A bonus feature the actual device has is temporary backup power. Not for power outages, silly!  If your kids are smart, they might think to pull the power cord in order to deactivate Circle and gain some extra screen time behind your back (oh because your kid is such an angel…..).  Don’t tell them, but it sends a message to the app letting you know it happened.  Ha ha!  Good play Disney, good play!  Win for the parents again.

As parents, we can get caught up in the internet too.  So we can actually be a user and set limits (“rules”) for ourselves as well.  Facebook/Pinterest/Instagram/etc. won’t suck us in for more than ____ hours a day if we set up limits in our user profile.

So as I sit with my morning coffee, I’m waiting for the bustle of my children to start.  8am on weekends is when Circle allows them the internet (they need their sleep!) and I expect my 14 year old won’t venture out of her bed until she hits her limit and gets upset that she doesn’t know how this episode of Riverside ended.  Well, it’s her own darn fault… maybe looking at nail polish designs on Pinterest for 10 minutes beforehand wasn’t such a great idea now, was it?

I’m raising good people, and part of that is letting them discover within limits how to make choices for themselves.  It’s kind of like teaching them the currency of time: you should budget accordingly so that you don’t end up with a zero bank balance before the end of the day (or pay period /month) wondering where it all got spent.

With Circle, I think my family will have definitely less arguments over screen time plus it will give my mind and voice a much needed nag-break.  It’s a great tool to separate the rules, rule maker (um, parent) and the choices and self-control growing kids have themselves.  Well done, Circle.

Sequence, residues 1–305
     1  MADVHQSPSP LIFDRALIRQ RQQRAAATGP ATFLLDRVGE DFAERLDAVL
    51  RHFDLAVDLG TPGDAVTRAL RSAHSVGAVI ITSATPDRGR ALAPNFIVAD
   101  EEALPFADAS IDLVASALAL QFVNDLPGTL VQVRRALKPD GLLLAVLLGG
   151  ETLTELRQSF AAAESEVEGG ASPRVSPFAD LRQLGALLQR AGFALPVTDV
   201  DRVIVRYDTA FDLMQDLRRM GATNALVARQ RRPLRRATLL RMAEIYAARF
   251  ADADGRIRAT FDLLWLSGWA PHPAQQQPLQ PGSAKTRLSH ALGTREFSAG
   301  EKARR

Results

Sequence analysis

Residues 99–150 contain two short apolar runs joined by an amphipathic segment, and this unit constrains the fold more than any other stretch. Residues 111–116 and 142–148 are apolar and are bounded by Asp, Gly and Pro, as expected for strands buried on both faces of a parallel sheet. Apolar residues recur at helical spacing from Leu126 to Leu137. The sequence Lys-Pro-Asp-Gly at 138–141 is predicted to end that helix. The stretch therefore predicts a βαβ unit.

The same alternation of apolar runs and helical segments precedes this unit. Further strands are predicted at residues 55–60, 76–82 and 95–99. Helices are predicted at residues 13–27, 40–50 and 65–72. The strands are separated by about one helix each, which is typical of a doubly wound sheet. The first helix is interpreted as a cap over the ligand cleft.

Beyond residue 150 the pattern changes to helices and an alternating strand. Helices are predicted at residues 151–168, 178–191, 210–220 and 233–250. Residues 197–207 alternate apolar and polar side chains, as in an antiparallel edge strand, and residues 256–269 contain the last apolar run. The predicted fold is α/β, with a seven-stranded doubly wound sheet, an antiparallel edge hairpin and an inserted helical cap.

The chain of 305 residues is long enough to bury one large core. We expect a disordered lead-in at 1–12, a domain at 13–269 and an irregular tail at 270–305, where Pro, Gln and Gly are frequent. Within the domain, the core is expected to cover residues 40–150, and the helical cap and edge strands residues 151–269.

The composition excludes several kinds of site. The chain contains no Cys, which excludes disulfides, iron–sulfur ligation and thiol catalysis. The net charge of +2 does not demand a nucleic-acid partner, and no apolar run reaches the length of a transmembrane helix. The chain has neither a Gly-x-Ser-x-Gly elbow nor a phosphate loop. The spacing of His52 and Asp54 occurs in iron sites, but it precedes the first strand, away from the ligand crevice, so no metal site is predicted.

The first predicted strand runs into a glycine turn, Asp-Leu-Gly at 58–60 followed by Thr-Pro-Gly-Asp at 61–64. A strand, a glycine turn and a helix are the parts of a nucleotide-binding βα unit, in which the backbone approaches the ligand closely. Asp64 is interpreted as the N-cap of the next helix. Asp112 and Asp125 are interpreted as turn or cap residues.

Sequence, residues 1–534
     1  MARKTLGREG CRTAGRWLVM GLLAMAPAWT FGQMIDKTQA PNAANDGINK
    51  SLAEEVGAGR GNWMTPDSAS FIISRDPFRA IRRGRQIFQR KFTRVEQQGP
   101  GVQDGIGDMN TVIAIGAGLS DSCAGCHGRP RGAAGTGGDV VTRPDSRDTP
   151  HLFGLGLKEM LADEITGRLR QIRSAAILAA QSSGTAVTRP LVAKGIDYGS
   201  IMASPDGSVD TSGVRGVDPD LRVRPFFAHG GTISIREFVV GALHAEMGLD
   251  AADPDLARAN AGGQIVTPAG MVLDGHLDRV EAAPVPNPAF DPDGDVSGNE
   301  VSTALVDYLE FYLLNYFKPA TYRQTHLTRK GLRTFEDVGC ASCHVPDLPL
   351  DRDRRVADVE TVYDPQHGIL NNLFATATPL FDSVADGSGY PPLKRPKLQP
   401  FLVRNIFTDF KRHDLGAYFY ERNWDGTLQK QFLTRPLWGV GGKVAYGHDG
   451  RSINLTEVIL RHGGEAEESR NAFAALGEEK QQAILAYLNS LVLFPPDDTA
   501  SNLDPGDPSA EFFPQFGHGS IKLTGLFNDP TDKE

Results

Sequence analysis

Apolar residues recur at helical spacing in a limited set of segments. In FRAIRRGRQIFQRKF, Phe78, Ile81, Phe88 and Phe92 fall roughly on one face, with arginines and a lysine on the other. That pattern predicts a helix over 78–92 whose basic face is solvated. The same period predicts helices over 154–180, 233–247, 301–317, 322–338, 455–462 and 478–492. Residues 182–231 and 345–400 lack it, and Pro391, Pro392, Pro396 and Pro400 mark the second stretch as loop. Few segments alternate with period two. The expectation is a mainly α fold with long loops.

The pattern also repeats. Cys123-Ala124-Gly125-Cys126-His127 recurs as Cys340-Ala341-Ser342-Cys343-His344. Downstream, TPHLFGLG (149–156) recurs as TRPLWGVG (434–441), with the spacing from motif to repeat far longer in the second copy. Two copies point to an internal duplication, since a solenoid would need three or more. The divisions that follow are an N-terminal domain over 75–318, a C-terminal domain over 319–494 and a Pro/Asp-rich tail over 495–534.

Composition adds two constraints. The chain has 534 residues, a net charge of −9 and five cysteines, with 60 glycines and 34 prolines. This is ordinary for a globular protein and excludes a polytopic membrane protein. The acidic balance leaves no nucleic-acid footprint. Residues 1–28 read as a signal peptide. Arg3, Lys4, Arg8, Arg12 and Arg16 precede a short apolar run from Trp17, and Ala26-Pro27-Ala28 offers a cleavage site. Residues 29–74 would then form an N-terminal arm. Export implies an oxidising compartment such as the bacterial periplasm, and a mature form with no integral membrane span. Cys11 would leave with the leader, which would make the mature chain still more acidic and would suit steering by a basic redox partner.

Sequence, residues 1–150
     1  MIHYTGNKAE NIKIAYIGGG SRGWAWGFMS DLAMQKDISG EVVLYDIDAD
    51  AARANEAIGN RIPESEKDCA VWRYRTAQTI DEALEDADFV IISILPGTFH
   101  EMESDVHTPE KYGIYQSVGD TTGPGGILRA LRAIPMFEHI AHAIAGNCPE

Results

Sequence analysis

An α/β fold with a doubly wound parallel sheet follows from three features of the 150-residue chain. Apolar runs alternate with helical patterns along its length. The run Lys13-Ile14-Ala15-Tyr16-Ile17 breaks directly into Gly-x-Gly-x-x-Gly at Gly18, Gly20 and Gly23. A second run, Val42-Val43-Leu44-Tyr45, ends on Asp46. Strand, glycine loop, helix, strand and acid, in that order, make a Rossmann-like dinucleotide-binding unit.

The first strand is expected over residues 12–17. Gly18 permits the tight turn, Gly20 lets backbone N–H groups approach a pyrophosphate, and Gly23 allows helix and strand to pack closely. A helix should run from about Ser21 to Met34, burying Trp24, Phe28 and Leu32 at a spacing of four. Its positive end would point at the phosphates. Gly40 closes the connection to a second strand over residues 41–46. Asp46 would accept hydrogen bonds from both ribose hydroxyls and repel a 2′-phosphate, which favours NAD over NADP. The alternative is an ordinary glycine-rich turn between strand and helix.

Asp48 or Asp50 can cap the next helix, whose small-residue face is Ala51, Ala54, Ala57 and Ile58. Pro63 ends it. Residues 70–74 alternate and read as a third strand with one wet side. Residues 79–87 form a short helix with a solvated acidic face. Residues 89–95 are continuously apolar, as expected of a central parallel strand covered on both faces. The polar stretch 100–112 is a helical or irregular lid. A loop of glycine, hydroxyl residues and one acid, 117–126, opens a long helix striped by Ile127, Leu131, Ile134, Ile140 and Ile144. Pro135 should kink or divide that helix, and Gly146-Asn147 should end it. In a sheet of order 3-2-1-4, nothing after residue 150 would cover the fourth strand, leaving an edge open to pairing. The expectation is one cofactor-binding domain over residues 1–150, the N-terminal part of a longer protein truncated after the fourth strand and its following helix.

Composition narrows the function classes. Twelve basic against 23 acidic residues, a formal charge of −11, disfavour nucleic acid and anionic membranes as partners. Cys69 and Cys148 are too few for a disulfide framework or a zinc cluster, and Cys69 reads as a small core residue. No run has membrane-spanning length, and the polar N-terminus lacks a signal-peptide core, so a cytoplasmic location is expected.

Please Note:  No company sponsored this post.  The money was spent by me and was an actual personal purchase.

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Posted in Couponing, Healthy, Home Economics, Opinions & Commentaries, Product Testing

Service Review: Loblaws Click & Collect Grocery Service

NOTE: New blog post coming soon on my second attempt at using Click & Collect. Here’s a hint…. Use this code to receive $10 off your groceries with the service: https://share.realcanadiansuperstore.ca/x/tldVjG

Loblaws’ super idea of Click & Collect might send consumers walking right back to the Superstore.


Having to drive by Loblaws each week, I have noticed that these pick up parking spaces are completely empty.  Being someone who is picky with selecting the perfect peach (PHEc Tip: Smell them, if they don’t smell like a peach, put it back!), I was hesitant.  Cue in a super busy day, some staples that are needed (who can screw up picking out a carton of milk), and I go online before 6am to see if this can help with a stressful life.


It looked so easy: “Shop Online. Pick up in Store.” I set up an account easily, hopefully to add my PC Points/Plus at the end upon checkout.


So “click” I did, and the webstore was beautiful.  It had a billion items (probably) and a tab for Flyers & Deals.  Swoon…. I was in love.

Then I tried finding my 2% Natrel Lactose-Free milk.  It’s not their best seller so then I had to go into the Milk & Dairy section.  There were still 78 items/options so I discovered “Search” in the top left corner.  That made it way easier.  Next item for me, butter.  (Yes, I know you are going to say something.  Everything in moderation and a good baker knows the value of butter at times.)  That’s when things really started to make me rethink:  $6.99 for 454g of salted butter. I know butter has increased in price over the past 5 years.  But a frugal PHEc wouldn’t pay that unless company was coming and I was in a pinch.

This showed me one complete downfall to this Click & Collect personal shopping service: No price matching!  Then I wondered….. I bet there is no couponing too!  Gasp!